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San Francisco on Tuesday became the first city in the U.S. to ban the sale of e-cigarettes until they get approved by the Food and Drug Administration (FDA).

The ordinance, approved by the city's Board of Supervisors, says "no person shall sell or distribute an electronic cigarette to a person in San Francisco" if it has not undergone an FDA review, which no e-cigarette product has.

The ban includes sales made both online and in brick-and-mortar stores and also applies to flavored tobacco products. The use of vapes among people age 21 and older is still legal in the city.

The measure now heads to San Francisco Mayor London Breed (D), who is expected to sign the ordinance.

"I support the legislation authored by City Attorney Dennis Herrera and Supervisor Shamann Walton to suspend the sale of e-cigarettes in San Francisco until the Food and Drug Administration concludes a review of the impacts of vaping on public health," Breed said in a statement to CNN before the vote.

"There is so much we don't know about the health impacts of these products, but we do know that e-cigarette companies are targeting our kids in their advertising and getting them hooked on addictive nicotine products. We need to take action to protect the health of San Francisco's youth and prevent the next generation of San Franciscans from becoming addicted to these products."

Juul, a popular e-cigarette company based in San Fransisco, said it is working with lawmakers to support the creation of stricter regulations and hammered Tuesday's vote as harmful to those seeking to quit smoking tobacco products.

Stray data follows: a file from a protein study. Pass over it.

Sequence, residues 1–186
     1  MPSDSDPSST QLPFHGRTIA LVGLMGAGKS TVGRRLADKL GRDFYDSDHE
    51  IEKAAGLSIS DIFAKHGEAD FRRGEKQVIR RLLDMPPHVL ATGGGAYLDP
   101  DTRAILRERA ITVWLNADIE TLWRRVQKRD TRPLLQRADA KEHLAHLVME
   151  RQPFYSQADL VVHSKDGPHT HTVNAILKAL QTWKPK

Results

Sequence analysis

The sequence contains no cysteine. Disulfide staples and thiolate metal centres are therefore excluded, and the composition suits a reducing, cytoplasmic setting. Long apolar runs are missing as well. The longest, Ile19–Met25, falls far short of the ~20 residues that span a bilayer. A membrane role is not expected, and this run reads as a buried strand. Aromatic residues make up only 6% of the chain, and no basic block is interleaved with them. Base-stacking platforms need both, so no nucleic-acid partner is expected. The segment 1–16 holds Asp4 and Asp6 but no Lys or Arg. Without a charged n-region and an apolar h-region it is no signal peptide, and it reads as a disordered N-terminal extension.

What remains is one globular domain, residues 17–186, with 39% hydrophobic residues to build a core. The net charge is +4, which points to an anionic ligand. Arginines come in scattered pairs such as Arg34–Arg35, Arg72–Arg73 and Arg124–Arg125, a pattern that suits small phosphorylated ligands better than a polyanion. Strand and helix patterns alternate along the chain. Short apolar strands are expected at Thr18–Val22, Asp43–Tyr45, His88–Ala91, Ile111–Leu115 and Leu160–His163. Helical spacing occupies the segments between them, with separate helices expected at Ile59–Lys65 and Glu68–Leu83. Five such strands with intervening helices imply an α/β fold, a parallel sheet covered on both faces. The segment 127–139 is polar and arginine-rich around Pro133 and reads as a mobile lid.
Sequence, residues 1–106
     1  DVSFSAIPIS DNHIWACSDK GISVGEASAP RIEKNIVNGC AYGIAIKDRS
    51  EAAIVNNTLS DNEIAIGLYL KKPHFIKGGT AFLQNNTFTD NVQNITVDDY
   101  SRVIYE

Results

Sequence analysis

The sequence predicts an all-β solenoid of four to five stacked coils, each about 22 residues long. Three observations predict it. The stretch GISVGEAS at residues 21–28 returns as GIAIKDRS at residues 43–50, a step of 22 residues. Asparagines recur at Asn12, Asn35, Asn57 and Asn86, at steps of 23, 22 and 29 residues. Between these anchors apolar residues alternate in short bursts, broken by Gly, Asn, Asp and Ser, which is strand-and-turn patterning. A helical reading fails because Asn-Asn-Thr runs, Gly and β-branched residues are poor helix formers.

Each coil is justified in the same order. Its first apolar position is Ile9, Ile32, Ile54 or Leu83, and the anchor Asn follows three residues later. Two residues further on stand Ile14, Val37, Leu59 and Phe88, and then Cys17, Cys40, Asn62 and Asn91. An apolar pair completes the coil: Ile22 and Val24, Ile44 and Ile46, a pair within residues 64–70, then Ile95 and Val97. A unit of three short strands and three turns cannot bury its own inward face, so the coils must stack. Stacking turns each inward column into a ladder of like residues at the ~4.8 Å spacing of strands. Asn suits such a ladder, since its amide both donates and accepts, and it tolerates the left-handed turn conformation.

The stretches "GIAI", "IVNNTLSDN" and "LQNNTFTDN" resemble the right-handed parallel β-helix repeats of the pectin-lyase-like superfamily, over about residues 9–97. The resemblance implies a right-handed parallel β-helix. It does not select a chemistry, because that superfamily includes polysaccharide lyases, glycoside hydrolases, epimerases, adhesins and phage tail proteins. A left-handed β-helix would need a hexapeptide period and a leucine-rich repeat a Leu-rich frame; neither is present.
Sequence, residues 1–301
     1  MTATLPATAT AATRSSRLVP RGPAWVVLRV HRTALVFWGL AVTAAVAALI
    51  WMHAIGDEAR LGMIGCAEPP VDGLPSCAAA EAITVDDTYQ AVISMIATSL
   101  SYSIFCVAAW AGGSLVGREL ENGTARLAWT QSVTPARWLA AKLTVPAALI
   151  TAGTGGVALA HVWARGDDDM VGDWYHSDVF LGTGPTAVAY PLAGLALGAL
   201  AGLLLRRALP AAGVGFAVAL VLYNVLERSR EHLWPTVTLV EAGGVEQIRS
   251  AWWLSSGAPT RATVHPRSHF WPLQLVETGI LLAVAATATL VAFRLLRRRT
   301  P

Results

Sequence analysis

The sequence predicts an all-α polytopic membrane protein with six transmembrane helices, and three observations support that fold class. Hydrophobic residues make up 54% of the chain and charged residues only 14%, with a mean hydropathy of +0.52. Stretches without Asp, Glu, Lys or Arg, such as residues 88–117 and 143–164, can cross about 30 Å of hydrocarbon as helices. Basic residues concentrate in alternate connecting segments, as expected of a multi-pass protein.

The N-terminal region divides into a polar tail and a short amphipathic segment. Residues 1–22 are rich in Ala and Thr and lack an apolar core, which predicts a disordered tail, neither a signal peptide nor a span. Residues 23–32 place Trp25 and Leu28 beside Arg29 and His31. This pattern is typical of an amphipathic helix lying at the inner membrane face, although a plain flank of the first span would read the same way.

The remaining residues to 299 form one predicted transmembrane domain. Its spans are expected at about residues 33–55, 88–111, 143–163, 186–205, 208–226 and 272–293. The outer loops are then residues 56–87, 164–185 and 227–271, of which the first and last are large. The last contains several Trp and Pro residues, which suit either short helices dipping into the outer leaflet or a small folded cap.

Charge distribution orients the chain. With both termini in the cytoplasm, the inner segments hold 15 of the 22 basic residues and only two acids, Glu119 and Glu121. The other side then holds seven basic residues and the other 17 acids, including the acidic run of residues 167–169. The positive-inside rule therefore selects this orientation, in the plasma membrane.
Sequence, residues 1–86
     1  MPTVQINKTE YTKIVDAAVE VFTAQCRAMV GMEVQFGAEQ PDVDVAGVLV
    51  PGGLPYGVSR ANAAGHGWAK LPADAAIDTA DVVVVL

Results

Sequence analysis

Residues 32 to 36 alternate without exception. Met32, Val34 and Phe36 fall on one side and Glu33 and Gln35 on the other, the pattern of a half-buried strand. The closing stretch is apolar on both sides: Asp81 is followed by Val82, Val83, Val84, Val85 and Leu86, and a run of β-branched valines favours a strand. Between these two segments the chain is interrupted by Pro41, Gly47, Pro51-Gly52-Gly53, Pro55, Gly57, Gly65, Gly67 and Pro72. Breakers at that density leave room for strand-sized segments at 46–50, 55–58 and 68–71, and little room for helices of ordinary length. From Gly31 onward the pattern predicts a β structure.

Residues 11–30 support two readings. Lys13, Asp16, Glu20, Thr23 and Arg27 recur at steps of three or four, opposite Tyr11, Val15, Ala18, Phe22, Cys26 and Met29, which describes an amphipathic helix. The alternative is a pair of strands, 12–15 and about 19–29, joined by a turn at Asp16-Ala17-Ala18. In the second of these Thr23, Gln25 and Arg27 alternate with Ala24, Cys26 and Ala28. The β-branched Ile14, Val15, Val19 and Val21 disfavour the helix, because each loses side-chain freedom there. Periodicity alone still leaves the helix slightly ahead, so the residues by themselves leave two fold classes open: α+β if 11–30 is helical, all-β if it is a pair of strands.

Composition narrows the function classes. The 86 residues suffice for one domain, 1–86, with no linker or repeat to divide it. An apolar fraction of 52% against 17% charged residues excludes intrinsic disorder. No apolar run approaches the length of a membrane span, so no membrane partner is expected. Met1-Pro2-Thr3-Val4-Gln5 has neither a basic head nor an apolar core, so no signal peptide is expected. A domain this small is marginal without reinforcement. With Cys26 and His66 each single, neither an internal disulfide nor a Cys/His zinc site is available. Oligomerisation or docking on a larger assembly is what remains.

"This full prohibition will drive former adult smokers who successfully switched to vapor products back to deadly cigarettes, deny the opportunity to switch for current adult smokers, and create a thriving black market instead of addressing the actual causes of underage access and use. We have already taken the most aggressive actions in the industry to keep our products out of the hands of those underage and are taking steps to do more," a Juul spokesperson said in a statement to The Hill.

E-cigarette use has spiked in recent years, surpassing that of traditional tobacco products. A federal judge last month ordered the FDA to speed up its reviews of e-cigarette products already on the market.

The agency earlier this month issued final guidance for e-cigarette producers to submit premarket tobacco product applications in an effort to expedite product reviews and provide a path for official authorization.

San Francisco has hammered the FDA for allowing e-cigarettes to remain in stores without having undergone premarket reviews.

"E-cigarettes are a product that, by law, are not allowed on the market without FDA review. For some reason, the FDA has so far refused to follow the law," City Attorney Dennis Herrera said in a statement last week after the ordinance passed an initial vote.

"Now, youth vaping is an epidemic," Herrera said. "If the federal government is not going to act to protect our kids, San Francisco will."